Monday, October 29, 2007

Writing 'Heds' Isn't as Easy as It Might Seem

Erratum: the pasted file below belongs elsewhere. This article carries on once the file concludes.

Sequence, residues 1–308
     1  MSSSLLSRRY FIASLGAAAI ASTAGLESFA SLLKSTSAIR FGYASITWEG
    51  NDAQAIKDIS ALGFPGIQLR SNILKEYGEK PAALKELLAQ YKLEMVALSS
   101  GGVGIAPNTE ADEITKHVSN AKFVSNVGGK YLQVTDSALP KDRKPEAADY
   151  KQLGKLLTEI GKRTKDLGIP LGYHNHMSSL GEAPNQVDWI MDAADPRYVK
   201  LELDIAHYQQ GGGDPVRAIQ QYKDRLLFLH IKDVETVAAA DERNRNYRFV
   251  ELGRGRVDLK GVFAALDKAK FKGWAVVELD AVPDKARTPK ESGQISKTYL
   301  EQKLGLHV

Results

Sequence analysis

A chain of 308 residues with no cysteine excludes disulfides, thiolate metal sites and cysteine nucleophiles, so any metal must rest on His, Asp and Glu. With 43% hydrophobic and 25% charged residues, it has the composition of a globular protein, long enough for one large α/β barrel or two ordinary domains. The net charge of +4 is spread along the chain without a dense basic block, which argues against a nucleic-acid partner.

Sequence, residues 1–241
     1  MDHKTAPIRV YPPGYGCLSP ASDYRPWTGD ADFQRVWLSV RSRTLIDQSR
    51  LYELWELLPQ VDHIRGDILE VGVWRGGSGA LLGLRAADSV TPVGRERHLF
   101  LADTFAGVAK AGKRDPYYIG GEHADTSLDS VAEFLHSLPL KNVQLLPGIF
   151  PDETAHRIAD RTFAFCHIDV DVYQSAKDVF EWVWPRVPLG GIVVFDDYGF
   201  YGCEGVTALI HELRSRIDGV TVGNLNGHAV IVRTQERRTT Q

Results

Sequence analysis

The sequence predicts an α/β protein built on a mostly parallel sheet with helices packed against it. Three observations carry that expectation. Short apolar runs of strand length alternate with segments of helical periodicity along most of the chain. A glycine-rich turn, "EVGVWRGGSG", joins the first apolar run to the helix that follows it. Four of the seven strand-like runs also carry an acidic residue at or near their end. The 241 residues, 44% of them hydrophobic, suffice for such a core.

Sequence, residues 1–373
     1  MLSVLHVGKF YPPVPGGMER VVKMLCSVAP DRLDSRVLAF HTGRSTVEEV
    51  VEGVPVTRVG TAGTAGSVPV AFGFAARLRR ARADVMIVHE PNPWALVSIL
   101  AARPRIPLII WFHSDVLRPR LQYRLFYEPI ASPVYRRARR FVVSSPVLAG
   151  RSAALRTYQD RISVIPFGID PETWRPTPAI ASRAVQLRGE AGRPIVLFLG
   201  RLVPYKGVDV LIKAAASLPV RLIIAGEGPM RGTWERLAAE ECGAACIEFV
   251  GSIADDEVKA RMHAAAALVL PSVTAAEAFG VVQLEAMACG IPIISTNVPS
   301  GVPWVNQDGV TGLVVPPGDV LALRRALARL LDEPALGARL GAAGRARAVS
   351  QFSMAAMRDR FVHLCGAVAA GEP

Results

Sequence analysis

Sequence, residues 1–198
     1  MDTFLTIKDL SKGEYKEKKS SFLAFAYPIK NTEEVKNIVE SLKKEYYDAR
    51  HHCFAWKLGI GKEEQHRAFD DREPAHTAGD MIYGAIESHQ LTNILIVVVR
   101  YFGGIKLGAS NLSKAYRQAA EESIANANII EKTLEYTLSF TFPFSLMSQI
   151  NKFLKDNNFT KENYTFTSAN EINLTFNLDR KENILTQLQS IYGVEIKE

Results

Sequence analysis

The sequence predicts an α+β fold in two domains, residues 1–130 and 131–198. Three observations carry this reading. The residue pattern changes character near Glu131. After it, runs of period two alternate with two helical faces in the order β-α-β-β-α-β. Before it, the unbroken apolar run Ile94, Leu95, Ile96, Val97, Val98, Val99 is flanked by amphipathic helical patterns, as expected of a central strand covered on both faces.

Deborah Howell, the ombudsman for the Washington Post, writes of the power and perils of headlines. She quotes the Post's Editorial copy desk chief, Vince Rinehart, who says: "Perhaps the greatest challenge in copy editing is reading 1,000 sophisticated words on a complex topic and finding six words to tell the story and convey its nuance and tone, often with less than five minutes to do so." I'm not aware that our Universal Desk has written guidelines for headlines (when I was at the Dallas Morning News, I was on a committee to come up with a "mission statement" on the kind of headlines we were to write, and we ended up implementing it), but the Post does have such guidelines. Howell says The Post's stylebook states that headlines "must be accurate" and "capture the essence and tone of the story, as well as the most important element." Headlines should also "invite readers into the story. Use vivid words. Avoid headlinese . . . and deadening, bureaucratic language whenever possible. Headlines should be written in understandable, conversational English."'s Bill Walsh, The Post's National copy desk chief, listed many factors copy editors must keep in mind when writing headlines. Howell writes: "particularly important for Page One stories, (Walsh) said, is deciding whether to concentrate on the specifics of a story or on the bigger picture it might illustrate." Howell also writes about how page design figures prominently into the headline: For example, should there be a label? Does the story need a deck? Howell's column also goes into the differences when writing headlines on editorials and OpEd pieces. The ombudsman also says that even the good heads "often go unnoted except by the souls on the rim or by the slot." So since we're more likely to hear complaints rather than praise from readers about our headlines, perhaps we should be patting one another on the back more often. Nice head! You can read the entire column here.